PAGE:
Fall is a great time to be out on the water. The fishing pressure on rivers and lakes drops as many anglers trade waders for camo and the start of hunting season.
Others simply choose to avoid the cooler temps and occasional gusting winds that can tangle even the best casters.
As hatches become less common and dry fly activity diminishes, nymphs and streamers become more popular. This is a great time to tie on a copper john, hare’s ear or muddler minnow and find out what’s holding in smaller runs and pocket water.
This weekend I caught an 18″ rainbow using a 3-nymph rig comprised of a stonefly, prince, and copper john. It was the copper john that did the trick.
Unfortunately, fall also brings some unwanted species, namely the dreaded leaf fish. Whether it finds you at the end of a dry fly drift or a nymphing lift, it suddenly instills a sense of hope that dissipates just as quickly.
Past experiences have proven that they are easy to catch and release. Luckily, many leaf fish never make it to the net.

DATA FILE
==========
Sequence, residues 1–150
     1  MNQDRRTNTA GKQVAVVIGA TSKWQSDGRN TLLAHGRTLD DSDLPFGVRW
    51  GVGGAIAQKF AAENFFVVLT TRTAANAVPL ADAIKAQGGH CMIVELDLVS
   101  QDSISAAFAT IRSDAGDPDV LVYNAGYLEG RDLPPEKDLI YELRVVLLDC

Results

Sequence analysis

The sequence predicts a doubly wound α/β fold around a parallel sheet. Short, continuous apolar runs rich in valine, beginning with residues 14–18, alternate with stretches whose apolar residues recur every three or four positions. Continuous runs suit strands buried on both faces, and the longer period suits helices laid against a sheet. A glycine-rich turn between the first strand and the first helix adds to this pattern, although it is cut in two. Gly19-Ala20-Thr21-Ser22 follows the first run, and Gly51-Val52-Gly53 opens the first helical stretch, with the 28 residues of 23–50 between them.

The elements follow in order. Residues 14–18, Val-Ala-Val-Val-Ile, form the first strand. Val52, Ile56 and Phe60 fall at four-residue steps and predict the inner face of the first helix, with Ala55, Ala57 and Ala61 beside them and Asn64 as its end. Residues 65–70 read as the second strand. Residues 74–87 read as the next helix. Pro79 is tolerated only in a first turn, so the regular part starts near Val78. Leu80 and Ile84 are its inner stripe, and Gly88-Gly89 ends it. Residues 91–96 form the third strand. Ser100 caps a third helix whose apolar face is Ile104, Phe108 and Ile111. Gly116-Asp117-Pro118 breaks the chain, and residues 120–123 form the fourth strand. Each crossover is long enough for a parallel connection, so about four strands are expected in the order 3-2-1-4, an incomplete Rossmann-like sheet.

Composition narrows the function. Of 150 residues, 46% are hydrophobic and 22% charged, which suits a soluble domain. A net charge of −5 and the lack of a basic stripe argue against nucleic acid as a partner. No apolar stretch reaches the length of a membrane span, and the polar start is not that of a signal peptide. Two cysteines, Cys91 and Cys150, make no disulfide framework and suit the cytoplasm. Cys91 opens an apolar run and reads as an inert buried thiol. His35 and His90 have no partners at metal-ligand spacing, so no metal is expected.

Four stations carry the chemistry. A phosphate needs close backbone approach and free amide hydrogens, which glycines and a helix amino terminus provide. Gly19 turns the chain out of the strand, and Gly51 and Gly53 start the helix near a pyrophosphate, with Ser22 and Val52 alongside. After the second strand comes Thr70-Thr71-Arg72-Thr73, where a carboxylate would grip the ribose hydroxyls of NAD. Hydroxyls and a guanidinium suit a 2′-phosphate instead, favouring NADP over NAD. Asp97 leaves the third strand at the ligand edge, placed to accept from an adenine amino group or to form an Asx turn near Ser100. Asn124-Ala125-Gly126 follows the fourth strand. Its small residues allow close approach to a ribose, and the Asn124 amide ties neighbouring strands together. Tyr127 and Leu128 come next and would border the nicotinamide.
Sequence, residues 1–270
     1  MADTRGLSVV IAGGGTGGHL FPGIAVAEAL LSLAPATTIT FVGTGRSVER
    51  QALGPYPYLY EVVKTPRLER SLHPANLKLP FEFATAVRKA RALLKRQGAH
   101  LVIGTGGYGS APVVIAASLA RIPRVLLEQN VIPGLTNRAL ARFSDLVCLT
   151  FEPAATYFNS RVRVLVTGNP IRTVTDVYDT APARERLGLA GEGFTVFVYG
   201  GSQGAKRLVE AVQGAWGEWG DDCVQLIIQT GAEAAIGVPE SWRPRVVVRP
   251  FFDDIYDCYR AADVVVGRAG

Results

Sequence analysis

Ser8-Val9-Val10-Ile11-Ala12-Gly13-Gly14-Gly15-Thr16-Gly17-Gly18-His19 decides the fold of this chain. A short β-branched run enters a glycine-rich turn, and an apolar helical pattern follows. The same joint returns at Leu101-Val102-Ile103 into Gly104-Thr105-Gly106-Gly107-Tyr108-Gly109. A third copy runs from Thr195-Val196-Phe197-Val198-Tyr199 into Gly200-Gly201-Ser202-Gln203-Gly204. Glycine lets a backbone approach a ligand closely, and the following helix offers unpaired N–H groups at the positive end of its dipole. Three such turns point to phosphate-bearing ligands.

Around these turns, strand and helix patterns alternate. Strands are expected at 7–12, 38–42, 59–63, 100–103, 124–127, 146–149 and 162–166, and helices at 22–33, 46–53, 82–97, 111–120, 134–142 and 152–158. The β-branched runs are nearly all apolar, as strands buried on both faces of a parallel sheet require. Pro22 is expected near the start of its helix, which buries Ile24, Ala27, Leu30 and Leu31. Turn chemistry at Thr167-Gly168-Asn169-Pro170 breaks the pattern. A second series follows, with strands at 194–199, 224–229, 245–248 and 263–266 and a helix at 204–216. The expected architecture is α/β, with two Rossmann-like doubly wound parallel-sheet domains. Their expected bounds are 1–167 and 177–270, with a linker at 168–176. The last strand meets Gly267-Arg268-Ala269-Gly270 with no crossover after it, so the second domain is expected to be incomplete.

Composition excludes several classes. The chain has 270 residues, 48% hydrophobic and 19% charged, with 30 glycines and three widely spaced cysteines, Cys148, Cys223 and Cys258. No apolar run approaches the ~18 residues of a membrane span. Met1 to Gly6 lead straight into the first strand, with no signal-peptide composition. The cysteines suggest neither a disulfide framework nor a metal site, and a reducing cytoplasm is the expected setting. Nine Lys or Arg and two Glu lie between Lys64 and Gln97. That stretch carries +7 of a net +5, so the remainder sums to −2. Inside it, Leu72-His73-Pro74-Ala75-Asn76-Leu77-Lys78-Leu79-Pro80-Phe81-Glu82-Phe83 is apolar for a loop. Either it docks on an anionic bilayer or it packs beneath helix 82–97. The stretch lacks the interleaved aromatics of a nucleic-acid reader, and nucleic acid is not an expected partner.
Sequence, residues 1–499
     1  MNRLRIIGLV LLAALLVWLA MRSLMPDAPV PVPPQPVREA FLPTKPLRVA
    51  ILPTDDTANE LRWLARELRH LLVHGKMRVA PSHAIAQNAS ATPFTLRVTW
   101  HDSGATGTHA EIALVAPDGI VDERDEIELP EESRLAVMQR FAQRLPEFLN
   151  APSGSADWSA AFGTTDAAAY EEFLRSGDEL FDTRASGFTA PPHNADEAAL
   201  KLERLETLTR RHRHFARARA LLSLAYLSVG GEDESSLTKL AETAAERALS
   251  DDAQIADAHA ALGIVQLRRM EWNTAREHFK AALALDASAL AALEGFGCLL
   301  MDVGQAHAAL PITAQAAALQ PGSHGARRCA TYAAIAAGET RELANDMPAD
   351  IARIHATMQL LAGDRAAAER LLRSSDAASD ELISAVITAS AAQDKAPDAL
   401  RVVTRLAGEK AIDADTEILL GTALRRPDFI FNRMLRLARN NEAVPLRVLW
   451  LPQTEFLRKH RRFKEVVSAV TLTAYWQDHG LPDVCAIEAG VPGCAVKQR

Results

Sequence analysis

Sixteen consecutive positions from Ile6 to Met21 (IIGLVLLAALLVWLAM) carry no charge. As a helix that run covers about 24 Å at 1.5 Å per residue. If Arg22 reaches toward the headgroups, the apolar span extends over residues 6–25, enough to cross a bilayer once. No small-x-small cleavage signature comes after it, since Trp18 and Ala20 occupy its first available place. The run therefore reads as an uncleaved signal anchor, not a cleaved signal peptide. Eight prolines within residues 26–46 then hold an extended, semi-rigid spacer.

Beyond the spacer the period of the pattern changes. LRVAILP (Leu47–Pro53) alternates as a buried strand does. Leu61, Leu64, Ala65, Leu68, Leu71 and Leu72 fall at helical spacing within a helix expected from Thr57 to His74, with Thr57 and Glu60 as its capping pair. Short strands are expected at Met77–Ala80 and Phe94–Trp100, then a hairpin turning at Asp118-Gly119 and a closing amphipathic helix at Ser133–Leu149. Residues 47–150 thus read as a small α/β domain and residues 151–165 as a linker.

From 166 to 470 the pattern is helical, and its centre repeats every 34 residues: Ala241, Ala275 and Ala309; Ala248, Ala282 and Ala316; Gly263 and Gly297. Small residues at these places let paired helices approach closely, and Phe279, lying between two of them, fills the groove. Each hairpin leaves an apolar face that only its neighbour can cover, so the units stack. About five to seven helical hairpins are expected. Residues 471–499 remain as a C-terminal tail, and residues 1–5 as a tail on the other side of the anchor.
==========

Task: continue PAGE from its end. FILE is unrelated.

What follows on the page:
Looks like I’m not the only one in the family that thinks about fishing this time of year! Enjoy!
Nice fall post. Ah the leaf fish…. stubborn little Buggers. The other day I was scouting native rainbows up a secluded creek and came on a small pool filled with the little guys and fall leafs. I managed to drop my tekara fly between the leaves and hooked a few good trout. I still caught more leaves tho. Love the pumpkin by the way.
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Mike Savlen says
Nice post and pictures, although I have to admit Im one of those guys that trades waders for camo this time of year there isn’t a body of water I stumble across in my woodland wanderings that I dont think of laying a long smooth loop across.